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Well and Good: Losing That Belly Fat

Working in our healthy living department, I’m often asked about tricks to safely, easily lose weight. My usual answer is there are few tricks: Eat better, exercise more. But a new product we started carrying in January may change that – SafSlim.

SafSlim is a supplement that has been developed to reduce belly fat – the stubborn fat known as “omentum.” Belly fat can be harder to lose, especially as you get older. It can also be a dangerous health risk, linked to heart disease, diabetes and other life-threatening illnesses.

The ingredient in SafSlim that seems to do the trick is a form of safflower oil. Specifically, it is a high-linoleic acid (HLA), which is different from the kind found in the safflower oil you cook with. Researchers believe HLA helps raise the level of adiponectin, a hormone that helps you burn fat; it may also help regulate blood sugar levels.

In a clinical study at the Ohio State University, participants using HLA showed an average reduction of 6.3 percent belly fat after 16 weeks of use. This was a double-blind controlled study, meaning nobody knew who was getting HLA and who wasn’t. The participants were post-menopausal women with high blood pressure and extra belly fat, and significantly, they did not change their diet or exercise program!

You can get the HLA form of safflower oil in other ways, including gel tablets, but just regular safflower cooking oil does not seem to carry the benefits.

I recommend SafSlim because it is easy and pleasant to use. You take a tablespoon twice a day; that’s it. Unlike some dietary supplements, SafSlim actually tastes good. Refrigeration gives it a creamy texture, and the tangerine cream flavor is pleasant and gently sweet; it reminds me of an ice-cream-like dreamsicle. It does not contain gluten, dairy, soy or lactose, so it is easy to digest for most people.

ReBody, which makes SafSlim, is currently working on studies with their product, and testing whether it will produce the same results in people who do alter diet and exercise. Of course, I always believe a holistic approach is best, so pay attention to what you’re eating, get in more exercise, and consider consulting your medical professional. And start blasting that belly fat!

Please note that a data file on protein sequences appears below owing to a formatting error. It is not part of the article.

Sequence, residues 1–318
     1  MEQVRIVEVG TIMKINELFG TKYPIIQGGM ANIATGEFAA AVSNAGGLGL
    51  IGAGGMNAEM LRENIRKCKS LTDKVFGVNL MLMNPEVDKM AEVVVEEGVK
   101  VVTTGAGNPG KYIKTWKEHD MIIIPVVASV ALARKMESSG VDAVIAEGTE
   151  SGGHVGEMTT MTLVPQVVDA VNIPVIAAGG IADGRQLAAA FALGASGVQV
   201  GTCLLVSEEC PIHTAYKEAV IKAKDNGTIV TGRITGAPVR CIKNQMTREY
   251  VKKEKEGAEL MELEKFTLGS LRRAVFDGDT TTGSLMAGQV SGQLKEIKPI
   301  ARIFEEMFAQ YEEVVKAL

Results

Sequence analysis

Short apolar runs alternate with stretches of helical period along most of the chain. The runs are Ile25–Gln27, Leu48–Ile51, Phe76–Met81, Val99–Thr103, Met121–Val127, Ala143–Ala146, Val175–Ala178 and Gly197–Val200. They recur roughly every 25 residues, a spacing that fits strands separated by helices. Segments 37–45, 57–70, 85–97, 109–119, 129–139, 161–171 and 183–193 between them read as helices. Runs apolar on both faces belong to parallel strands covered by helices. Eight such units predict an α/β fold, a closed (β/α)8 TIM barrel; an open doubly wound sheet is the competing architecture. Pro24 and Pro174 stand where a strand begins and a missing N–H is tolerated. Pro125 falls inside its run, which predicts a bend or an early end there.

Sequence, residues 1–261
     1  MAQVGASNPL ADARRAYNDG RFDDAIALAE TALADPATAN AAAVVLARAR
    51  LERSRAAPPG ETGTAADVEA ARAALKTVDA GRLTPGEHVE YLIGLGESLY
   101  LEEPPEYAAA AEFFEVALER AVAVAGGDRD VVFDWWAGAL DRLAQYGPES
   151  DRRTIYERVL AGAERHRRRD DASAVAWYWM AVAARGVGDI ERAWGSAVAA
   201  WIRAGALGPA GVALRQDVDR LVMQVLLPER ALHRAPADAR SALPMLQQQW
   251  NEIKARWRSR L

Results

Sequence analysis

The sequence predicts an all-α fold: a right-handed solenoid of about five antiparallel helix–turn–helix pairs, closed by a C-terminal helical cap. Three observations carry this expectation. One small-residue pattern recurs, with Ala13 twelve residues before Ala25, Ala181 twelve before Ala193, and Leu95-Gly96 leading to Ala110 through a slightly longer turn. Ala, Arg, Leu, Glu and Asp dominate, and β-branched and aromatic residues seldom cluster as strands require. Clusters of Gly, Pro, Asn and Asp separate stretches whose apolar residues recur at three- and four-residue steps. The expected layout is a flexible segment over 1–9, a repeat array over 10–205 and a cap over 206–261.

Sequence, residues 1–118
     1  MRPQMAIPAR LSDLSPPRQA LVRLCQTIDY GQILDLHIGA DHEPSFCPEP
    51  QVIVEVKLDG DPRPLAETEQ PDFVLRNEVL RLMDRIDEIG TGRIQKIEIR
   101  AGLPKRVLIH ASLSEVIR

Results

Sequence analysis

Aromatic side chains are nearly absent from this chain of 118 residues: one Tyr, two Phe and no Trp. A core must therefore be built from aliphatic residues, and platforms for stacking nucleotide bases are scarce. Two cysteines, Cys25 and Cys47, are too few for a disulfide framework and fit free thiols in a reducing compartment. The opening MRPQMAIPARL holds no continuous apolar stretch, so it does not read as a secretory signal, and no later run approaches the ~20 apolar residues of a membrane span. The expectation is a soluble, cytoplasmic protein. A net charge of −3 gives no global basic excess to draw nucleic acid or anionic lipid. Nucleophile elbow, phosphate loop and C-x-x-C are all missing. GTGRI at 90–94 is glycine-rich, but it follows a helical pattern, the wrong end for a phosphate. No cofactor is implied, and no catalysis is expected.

A FRESH Point of View: Cajun or Creole?

Celebrating Mardi Gras? Then you’re speaking my language – I grew up in Louisiana and to me, Cajun and Creole are the foods you cook when you want the good times to roll.

But do you know which is which? The terms get used interchangeably, but they’re really not the same.

Cajun is the country cooking of the Acadians who settled Louisiana – a hearty, heavy, French-influenced kind of cooking with a lot of one-pot dishes. It may have some hot ingredients, like Andouille sausage, but not every dish is spicy-hot.

Creole is Cajun’s city cousin – a more refined, complex cuisine with more complicated technique and influences from all the people who settled New Orleans back in the day. French, Spanish, African, German – it’s all in there, a real melting pot of food.

The confusion comes in because both Creole and Cajun cuisines use many of the same ingredients and spices (okra, lots of seafood, garlic, and file – powdered sassafras used as a thickening agent.) Also, there are so many ways to cook every Cajun or Creole dish. Etouffee, gumbo, jambalaya – I have yet to meet two Cajun or Creole cooks who can agree on a single recipe.

Me, I grew up eating and cooking Cajun food, but my restaurant training was mostly in the more refined Creole style. So in our seafood department, most of our chef-prepared sauces and bases have a distinctive Creole profile.

These make it easy to go New Orleans for a night. Some simply need to be heated, and others, all you have to do is add the seafood of your choice:

Creole Clam Chowder: This is a New Orleans version of traditional New England chowder, with a creamy base but a deep flavor from our Creole spice mixes.

Gumbo: I started making gumbo with my dad when I was five years old. This is as traditional as it gets. Add your own shrimp, chicken or what have you.

Etouffee: Again, it’s a Creole classic. I like it with crawfish tails.